Optimized evaluations to accurately monitor marijuana use

Urine drug testing to distinguish new from residual use

Cannabis, commonly known as marijuana, refers to products derived from Cannabis sativa or Cannabis indica plants, which contain the psychoactive compound delta-9-tetrahydrocannabinal (THC). Exposure to THC can cause euphoria, intensified sensations, altered pain sensitivity, and a range of other effects, but when misused can lead to intoxication, withdrawal, and biopsychosocial issues.1

Despite varying state legalization initiatives, marijuana is categorized by the Drug Enforcement Agency as a Schedule 1 compound. After alcohol and tobacco, marijuana is the most commonly used addictive drug in the United States. Among individuals affected by an illicit drug use disorder, marijuana is the most frequently misused substance. As a result, many professional practice guidelines recommend the use of urine drug monitoring (UDM) to identify illicit use and to support patient recovery.

Since marijuana is lipophilic and has a long elimination half-life, THC and its major metabolite, delta-9-carboxy-tetrahydrocannabinal (THC-COOH), can be detected in urine for weeks to months after last usage. To accurately distinguish new from residual use, THC-COOH and creatinine ratios of specimens collected over two known time points should be compared to determine if new marijuana use has occurred.

By the numbers

48.2 Million

Americans used marijuana at least once in 2019.2


average annual increase in cannabis-associated ER visits between 2006-2015.3

4 Million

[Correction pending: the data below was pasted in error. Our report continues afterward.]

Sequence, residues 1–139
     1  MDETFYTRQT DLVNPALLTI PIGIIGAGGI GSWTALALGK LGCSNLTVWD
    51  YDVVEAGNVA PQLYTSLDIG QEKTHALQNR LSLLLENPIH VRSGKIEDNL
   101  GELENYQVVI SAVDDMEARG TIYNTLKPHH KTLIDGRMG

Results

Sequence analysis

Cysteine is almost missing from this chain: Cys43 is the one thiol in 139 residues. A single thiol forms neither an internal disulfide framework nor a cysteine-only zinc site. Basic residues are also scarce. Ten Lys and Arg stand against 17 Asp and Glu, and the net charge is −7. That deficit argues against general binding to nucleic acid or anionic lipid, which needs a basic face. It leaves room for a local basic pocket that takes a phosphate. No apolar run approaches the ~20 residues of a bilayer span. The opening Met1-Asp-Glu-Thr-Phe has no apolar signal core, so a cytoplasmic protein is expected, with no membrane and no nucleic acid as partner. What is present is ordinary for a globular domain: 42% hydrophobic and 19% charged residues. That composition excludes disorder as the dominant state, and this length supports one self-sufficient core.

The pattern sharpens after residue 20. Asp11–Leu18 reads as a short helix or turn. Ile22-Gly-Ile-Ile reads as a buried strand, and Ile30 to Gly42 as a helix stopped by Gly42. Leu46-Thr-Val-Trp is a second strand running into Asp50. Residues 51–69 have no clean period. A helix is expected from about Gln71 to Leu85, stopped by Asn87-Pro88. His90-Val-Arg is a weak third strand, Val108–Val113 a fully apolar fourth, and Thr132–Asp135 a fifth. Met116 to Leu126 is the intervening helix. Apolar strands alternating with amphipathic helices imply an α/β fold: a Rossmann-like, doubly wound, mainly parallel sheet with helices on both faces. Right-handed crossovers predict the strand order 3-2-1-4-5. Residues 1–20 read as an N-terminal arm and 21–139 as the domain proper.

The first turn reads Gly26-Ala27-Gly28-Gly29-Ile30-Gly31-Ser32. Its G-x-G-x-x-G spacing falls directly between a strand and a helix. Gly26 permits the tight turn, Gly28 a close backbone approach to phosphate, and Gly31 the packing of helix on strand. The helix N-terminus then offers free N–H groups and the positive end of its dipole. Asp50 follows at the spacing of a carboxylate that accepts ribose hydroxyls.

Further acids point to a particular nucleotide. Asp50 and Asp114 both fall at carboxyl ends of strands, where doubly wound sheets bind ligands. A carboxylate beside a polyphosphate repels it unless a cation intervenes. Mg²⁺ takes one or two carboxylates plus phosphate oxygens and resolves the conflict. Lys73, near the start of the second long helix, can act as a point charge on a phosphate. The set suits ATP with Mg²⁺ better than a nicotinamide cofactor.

people affected by marijuana use disorder in 2016.2

Tailored testing to clarify new marijuana use

Traditional laboratory testing often fails to distinguish between new and residual drug use, leading to misinterpretation of positive test results. Because multiple positive urine test results can lead to discharge from a drug treatment program, loss of employment, loss of child custody, and other negative consequences, differentiating between new and past use is critical.

Propelled by research highlighting a better approach to identifying marijuana use, Mayo Clinic Laboratories has created a carboxy-THC and creatinine ratio urine test that facilitates use of decision ratios to determine new versus residual use of marijuana. This approach uses urine creatinine- normalized carboxy-THC concentrations gathered at two time points and calculates a decision ratio from those values. Through analysis and calculation of the decision ratio, test reports clarify patients’ new versus residual drug use.

Key testing

THCCR  | Carboxy-Tetrahydrocannabinol (THC-COOH) Confirmation and Creatinine Ratio, Random, Urine


  • Analyzes and reports the creatinine-normalized THC-COOH value.
  • Facilitates calculation and use of decision ratios to determine new versus residual drug use using urine creatinine-normalized carboxy-tetrahydrocannabinol concentrations gathered at two time points.

Identify new cannabis use through decision ratios

Our research-driven assay begins with obtaining two creatinine-normalized carboxy-THC ratios in urine where the collections are 1–7 days apart.